Predicted winner: Josh O’Connor, “The Crown”
Outstanding Lead Actress in a Drama Series
It’s rare for a show to place a pair of actresses in this category, but Olivia Colman and Emma Corrin have been consistently nominated by every awards group for playing Queen Elizabeth and Princess Diana in Season 4 of “The Crown.” Typically, Corrin has been the one who goes home with the award, and she’s certainly the odds-on favorite here. But Mj Rodriguez, the first transgender actress ever nominated in this category, definitely has a chance to make further history, while you can’t overlook past winner Elisabeth Moss. And you can never overlook Uzo Aduba at the Emmys, where she’s won three times in four nominations and where she’s in the running as the star of the late-breaking HBO series “In Treatment.” But as the festival favorite movie “Spencer” shows, Princess Di is a very hot property these days.
Predicted winner: Emma Corrin, “The Crown”
Outstanding Supporting Actor in a Drama Series
Giancarlo Esposito, “The Mandalorian”
O-T Fagbenle, “The Handmaid’s Tale”
John Lithgow, “Perry Mason”
Tobias Menzies, “The Crown”
Max Minghella, “The Handmaid’s Tale”
Chris Sullivan, “This Is Us”
Bradley Whitford, “The Handmaid’s Tale”
Michael K. Williams, “Lovecraft Country”
If the late Michael K. Williams wins for “Lovecraft Country,” it will not have been a sentimental choice: Voting ended before his death on Sept. 6. But with O-T Fagbenle, Max Minghella and Bradley Whitford potentially splitting the “Handmaid’s Tale” vote and “The Crown” likely winning acting awards in too many other categories, Williams is liable to edge out Tobias Menzies and Giancarlo Esposito for what will be a sentimental presentation.
Predicted winner: Michael K. Williams, “Lovecraft Country”
Outstanding Supporting Actress in a Drama Series
Gillian Anderson, “The Crown“
Helena Bonham Carter, “The Crown”
Madeline Brewer, “The Handmaid’s Tale”
Ann Dowd, “The Handmaid’s Tale”
Aunjanue Ellis, “Lovecraft Country”
Emerald Fennell, “The Crown”
Yvonne Strahovski, “The Handmaid’s Tale”
Samira Wiley, “The Handmaid’s Tale”
Gillian Anderson has already won SAG and Golden Globe awards for playing Margaret Thatcher in “The Crown,” and the only thing that might prevent her from adding an Emmy is that two of her co-stars, Helena Bonham Carter and Emerald Fennell, are also nominated and could conceivably split the vote. But that vote has all gone to Anderson so far, and her competition includes not three but four nominees from “The Handmaid’s Tale,” of which Yvonne Strahovski and Ann Dowd probably have the best shot.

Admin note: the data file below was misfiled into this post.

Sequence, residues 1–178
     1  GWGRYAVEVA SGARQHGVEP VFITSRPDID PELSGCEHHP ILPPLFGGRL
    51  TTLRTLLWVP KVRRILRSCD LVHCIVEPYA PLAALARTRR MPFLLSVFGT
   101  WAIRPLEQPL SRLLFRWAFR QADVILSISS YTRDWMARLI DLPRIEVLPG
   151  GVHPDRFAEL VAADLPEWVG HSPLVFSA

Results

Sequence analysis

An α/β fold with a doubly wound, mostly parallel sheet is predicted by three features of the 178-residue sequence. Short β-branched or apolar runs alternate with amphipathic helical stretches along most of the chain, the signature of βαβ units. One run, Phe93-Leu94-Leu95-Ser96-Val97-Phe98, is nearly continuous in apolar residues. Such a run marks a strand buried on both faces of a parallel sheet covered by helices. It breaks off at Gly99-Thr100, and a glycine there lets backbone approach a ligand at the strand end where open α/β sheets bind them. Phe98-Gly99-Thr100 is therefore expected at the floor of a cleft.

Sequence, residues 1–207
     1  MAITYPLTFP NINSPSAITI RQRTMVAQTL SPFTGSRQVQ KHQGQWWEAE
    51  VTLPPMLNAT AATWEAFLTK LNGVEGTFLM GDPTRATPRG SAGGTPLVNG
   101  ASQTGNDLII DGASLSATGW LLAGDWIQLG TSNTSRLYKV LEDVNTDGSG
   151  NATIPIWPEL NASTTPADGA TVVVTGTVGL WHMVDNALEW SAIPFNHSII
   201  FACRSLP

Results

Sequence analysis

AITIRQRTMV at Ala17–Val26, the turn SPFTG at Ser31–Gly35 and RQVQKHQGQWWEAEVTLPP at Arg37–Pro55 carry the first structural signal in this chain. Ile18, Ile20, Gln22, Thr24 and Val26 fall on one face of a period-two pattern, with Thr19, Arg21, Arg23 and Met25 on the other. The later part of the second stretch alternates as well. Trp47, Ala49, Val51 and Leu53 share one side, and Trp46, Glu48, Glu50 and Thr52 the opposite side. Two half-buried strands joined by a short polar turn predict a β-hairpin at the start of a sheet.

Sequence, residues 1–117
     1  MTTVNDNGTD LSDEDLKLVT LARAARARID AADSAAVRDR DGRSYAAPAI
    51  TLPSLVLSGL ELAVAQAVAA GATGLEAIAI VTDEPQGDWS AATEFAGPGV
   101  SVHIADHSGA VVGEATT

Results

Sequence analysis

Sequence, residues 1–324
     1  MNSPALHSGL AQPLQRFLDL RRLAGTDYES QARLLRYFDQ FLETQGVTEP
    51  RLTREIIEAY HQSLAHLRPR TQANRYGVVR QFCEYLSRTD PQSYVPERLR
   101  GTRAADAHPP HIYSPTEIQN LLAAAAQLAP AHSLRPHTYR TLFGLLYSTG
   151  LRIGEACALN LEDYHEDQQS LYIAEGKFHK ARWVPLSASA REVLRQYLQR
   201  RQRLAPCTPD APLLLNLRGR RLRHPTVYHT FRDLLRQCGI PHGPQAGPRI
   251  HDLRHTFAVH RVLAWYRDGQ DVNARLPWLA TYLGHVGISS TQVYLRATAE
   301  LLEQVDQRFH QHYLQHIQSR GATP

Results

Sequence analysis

Unless all those “Crown” and “Handmaid” votes split and Aunjanue Ellis sneaks in for “Lovecraft Country,” this is probably another prize for Anderson.
Predicted winner: Gillian Anderson, “The Crown”
Outstanding Directing for a Drama Series
Julie Anne Robinson, “Bridgerton”: “Diamond of the First Water”
Benjamin Caron, “The Crown”: “Fairytale”
Jessica Hobbs, “The Crown”: “War”
Liz Garbus, “The Handmaid’s Tale”: “The Wilderness”
Jon Favreau, “The Mandalorian”: “Chapter 9: The Marshal”
Steven Canals, “Pose”: Series Finale
Unlike in the comedy-directing category, multiple directing nominations don’t seem to hurt dramas: Of the last eight shows that have received two or three noms in a single year, five have won the Emmy with one of their episodes. This year, “The Crown” has two nominations, and votes are likely to gravitate toward the Diana-focused episode, “Fairytale.” But this could also be a spot to recognize the scale of “The Mandalorian,” or to give “The Handmaid’s Tale” a significant award, or to honor the final episode of “Pose.” In four of the last six years this category has gone to the Outstanding Drama Series winner, so we’ll go with “The Crown.”
Predicted winner: “The Crown”: “Fairytale”
Outstanding Writing for a Drama Series
Rebecca Sonnenshine, “The Boys”: “What I Know”
Peter Morgan, “The Crown”: “War”
Yahlin Chang, “The Handmaid’s Tale”: “Home”
Misha Green, “Lovecraft Country”: “Sundown”
Dave Filoni, “The Mandalorian”: “Chapter 13: The Jedi”
Jon Favreau, “The Mandalorian”: “Chapter 16: The Rescue”
Ryan Murphy, Brad Falchuk, Steven Canals, Janet Mock, Our Lady J, “Pose”: Series Finale
In this category, “The Mandalorian” is the show with multiple nominations – but with the exception of awards for “Game of Thrones” in 2015 and ’16, the award typically goes to talkier, less high-octane shows. That could mean “The Handmaid’s Tale” or “Lovecraft Country” or “Pose,” or most likely the season finale of “The Crown.”
Predicted winner: “The Crown”: “War”
Outstanding Limited or Anthology Series